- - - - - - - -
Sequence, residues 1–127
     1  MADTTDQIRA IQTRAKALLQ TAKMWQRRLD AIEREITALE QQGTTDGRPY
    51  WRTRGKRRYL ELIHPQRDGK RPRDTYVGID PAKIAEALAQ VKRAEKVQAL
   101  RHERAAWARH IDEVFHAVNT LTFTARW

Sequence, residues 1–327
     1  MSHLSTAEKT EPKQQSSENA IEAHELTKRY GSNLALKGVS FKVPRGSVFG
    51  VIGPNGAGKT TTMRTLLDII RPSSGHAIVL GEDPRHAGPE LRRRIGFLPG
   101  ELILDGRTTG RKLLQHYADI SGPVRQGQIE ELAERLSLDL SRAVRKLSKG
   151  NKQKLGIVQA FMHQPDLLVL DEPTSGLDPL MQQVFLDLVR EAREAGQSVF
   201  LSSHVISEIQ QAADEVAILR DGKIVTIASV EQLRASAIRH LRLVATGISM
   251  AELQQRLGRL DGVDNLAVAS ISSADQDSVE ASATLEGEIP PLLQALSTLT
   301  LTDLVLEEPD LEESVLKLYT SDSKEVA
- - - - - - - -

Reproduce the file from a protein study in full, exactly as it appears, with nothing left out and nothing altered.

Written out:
Sequence, residues 1–127
     1  MADTTDQIRA IQTRAKALLQ TAKMWQRRLD AIEREITALE QQGTTDGRPY
    51  WRTRGKRRYL ELIHPQRDGK RPRDTYVGID PAKIAEALAQ VKRAEKVQAL
   101  RHERAAWARH IDEVFHAVNT LTFTARW

Sequence, residues 1–327
     1  MSHLSTAEKT EPKQQSSENA IEAHELTKRY GSNLALKGVS FKVPRGSVFG
    51  VIGPNGAGKT TTMRTLLDII RPSSGHAIVL GEDPRHAGPE LRRRIGFLPG
   101  ELILDGRTTG RKLLQHYADI SGPVRQGQIE ELAERLSLDL SRAVRKLSKG
   151  NKQKLGIVQA FMHQPDLLVL DEPTSGLDPL MQQVFLDLVR EAREAGQSVF
   201  LSSHVISEIQ QAADEVAILR DGKIVTIASV EQLRASAIRH LRLVATGISM
   251  AELQQRLGRL DGVDNLAVAS ISSADQDSVE ASATLEGEIP PLLQALSTLT
   301  LTDLVLEEPD LEESVLKLYT SDSKEVA